Teri Silver is a journalist, commercial copywriter, editor, broadcast anchor, and Public Relations Specialist.
The Year Was 1973
Inflation was on the rise in 1973 but that didn’t stop Barbie Doll from getting a new closet full of clothes and accessories — she received 33 new Best Buy outfits, accessory cards, Sew Magic and Get Ups ‘N Go fashions that year. Mattel no longer listed outfits and ensembles by name — only by number — and the garments did not have labels sewn into them. The packaging was scaled down but not the clothes — maxi, midi and the “peasant” look were all the fashion rage.
Mattel also released Quick Curl Barbie, whose hair could be styled with a brush or comb. Francie, Skipper, Kelly and Miss America Barbie were also given Quick Curl hair. Malibu Christie (with her red swimsuit and white beach towel) hit the shelves in 1973. Live Action Barbie and P.J., in their (previously released) original outfits, were sold in what collectors call “baggies;” clear plastic bags with printed paper tops that could hang from display-wall pegs.
1973 Barbie Doll Fashions
(#3203, 1973); puffy, long-sleeved, white (with black dots) blouse that was cropped at the waist — it had a black and white checked bow at the neck. The ankle-length skirt and matching vest were red with white polka dots. Red “pilgrim” closed-toe shoes came with the outfit.
(#3205, 1973); long-sleeved white blouse with small leg-of-mutton shoulders and white eyelet lace arms — it had a high collar and thick yellow ribbon sash around the waist. The top was worn over a long light-yellow and white gingham-patterned skirt (with a high ruffled hem). White squared-toe pumps completed the look.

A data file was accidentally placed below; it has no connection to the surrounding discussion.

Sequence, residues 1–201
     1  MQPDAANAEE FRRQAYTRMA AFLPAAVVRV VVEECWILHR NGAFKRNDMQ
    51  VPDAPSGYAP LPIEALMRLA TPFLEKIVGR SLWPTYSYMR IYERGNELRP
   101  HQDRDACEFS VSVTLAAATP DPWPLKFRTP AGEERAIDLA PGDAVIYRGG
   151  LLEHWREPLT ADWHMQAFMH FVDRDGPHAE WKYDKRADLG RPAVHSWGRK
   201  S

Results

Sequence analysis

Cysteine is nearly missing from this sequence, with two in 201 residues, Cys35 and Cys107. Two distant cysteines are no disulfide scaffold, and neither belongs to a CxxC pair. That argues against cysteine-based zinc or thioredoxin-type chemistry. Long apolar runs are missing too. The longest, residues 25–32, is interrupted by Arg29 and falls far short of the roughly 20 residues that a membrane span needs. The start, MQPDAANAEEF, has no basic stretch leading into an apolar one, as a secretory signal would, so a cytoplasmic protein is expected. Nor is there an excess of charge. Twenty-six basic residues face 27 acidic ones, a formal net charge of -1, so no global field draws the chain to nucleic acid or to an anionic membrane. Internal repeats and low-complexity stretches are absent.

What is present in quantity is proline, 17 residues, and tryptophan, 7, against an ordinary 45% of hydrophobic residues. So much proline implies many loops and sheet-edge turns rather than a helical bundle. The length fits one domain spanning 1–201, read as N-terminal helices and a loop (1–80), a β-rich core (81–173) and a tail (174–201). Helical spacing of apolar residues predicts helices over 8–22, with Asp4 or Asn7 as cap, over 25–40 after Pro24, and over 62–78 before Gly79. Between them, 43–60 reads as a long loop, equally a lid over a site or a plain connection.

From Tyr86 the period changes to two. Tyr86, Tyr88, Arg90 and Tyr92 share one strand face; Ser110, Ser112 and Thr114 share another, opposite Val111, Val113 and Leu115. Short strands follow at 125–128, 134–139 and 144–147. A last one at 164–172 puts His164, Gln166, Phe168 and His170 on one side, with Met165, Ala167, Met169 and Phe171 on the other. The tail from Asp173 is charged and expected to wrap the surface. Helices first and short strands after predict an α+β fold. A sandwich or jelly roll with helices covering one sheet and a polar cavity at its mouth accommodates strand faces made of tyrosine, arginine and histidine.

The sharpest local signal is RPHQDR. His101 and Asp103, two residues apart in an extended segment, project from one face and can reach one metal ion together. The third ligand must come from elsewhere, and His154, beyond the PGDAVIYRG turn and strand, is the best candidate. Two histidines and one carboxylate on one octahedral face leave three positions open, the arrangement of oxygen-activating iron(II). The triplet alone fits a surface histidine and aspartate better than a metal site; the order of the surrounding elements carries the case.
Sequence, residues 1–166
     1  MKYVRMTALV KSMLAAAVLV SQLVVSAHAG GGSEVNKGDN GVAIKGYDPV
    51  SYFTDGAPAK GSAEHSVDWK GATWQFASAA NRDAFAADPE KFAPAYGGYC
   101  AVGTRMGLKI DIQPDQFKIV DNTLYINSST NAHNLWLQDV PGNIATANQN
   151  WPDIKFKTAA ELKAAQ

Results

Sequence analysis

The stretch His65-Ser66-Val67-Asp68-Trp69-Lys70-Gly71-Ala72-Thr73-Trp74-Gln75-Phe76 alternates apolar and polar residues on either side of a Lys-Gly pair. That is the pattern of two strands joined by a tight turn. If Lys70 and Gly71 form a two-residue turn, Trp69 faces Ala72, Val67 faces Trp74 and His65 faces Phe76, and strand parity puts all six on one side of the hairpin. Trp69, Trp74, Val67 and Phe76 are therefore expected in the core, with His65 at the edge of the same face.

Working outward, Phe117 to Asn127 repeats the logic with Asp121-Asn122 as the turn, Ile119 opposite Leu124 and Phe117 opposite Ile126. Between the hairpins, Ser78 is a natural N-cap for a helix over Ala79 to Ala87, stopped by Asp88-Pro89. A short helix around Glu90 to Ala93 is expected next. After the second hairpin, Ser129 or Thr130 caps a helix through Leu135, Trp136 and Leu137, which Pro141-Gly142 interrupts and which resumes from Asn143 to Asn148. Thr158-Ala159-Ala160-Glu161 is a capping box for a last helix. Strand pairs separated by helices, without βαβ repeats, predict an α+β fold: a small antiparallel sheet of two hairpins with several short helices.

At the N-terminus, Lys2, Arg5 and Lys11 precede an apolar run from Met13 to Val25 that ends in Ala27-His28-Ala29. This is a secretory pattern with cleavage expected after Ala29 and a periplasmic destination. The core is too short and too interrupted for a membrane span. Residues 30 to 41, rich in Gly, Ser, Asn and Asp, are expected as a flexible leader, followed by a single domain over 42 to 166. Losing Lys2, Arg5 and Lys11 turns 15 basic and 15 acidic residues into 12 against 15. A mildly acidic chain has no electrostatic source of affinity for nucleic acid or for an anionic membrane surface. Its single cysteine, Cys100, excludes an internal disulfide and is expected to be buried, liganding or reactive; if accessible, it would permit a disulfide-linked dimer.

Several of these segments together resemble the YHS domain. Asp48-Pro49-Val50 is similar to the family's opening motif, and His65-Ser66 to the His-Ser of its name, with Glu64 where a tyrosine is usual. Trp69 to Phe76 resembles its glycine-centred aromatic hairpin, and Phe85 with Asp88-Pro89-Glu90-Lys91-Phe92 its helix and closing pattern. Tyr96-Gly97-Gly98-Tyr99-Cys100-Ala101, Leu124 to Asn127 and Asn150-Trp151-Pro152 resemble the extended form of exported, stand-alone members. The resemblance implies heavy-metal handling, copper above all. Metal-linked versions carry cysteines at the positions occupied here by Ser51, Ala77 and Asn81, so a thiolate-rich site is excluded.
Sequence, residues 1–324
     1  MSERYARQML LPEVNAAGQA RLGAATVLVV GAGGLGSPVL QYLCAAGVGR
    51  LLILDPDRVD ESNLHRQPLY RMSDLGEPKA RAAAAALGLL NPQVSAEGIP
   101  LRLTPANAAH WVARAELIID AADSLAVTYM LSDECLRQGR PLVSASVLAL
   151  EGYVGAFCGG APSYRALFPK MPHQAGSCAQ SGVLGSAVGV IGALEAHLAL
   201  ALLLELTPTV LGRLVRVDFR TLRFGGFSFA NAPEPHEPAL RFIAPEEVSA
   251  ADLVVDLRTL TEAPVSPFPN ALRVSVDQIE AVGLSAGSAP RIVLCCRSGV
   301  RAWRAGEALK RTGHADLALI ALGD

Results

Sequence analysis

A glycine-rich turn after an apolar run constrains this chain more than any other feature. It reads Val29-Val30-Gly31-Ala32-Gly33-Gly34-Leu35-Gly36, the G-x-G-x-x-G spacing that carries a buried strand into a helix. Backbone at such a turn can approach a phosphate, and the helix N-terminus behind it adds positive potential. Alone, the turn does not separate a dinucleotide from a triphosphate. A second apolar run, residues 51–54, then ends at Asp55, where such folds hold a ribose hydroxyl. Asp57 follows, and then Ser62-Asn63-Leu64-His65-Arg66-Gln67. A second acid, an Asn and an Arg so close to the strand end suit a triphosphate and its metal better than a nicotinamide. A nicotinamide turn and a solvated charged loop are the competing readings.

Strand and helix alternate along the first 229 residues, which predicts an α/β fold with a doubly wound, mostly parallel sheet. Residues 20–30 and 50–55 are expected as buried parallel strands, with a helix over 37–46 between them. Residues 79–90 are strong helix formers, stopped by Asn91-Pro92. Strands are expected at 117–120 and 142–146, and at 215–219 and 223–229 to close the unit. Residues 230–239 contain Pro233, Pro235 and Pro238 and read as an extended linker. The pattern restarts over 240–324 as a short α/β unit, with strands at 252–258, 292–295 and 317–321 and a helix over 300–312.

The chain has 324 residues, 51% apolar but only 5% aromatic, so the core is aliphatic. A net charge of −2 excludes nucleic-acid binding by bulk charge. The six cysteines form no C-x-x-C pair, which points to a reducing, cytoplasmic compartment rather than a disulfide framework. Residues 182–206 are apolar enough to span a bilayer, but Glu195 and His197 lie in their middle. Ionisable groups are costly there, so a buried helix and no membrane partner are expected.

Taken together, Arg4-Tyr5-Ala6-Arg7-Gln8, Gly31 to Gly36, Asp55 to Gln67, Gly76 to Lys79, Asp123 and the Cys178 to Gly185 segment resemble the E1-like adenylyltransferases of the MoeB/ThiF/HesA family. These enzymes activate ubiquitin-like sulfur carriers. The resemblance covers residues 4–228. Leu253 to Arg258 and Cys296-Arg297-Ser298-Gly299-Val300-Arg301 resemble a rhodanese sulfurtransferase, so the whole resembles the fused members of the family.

(#3206, 1973); the dress had a bright-green knit halter shell sewn onto a “bubble” printed maxi skirt in colors of red, orange, purple, blue and green. The skirt fabric was the same used in 1971’s Bubbles and Boots. A plastic sky-blue belt circled the waist. The dress came with a matching “bubble” patterned floppy hat (bright-green ties). Green squared-toe shoes were in the package.
(#3208, 1973); two-piece orange twill pantsuit — the wide-legged pants matched the long-sleeved jacket. A halter top in orange, blue, indigo and off-white was sewn onto the pants. A purple belt tied at the waist. Matching purple "pilgrim" closed-toe shoes finished off the look.
(#3343, 1973); peasant dress with two different floral prints for the bodice and skirt. The blue top — patterned with small red flowers — featured leg-of-mutton sleeves, a red sash and flower corsage at the waist. The blouse was sewn onto a differently-shaded blue skirt with large red, yellow and white flowers. The skirt’s ruffled hem matched the top. Barbie wore red shoes with the dress.
(#3346, 1973); two-piece outfit in red, white and blue. The blue top with white polka dots and “sailboats” had long sleeves and a wide, white, square-backed “sailor collar” with red piping. The skirt matched the top. Red shoes completed the ensemble.
(#3347, 1973); satin mini-dress with a floral print that featured hot colors of yellow, red, blue, green, purple, pink, orange and white. The sleeve cuffs and collar were white and the dress sported a white vinyl belt. Long white tricot socks and white squared-toe pumps completed the set.
(#3348, 1973); bright-yellow “baby doll” tricot nightgown with nylon netting. It was trimmed in white lace at the breast area and lower hem. The matching robe (yellow-netted nylon) had a wide white lace collar and yellow satin ribbon ties (that matched the straps of the nightgown).
(#8620, 1973); this dress had two pieces sewn into one — its white short-sleeved blouse had a lace-ruffled collar and a single red button at the neckline. The attached floral dress had “straps” over the blouse. The skirt (colored flowers in red, pink, blue, chartreuse and white on a yellow background) had a wide ruffled hem. Red squared-toe shoes finished the outfit.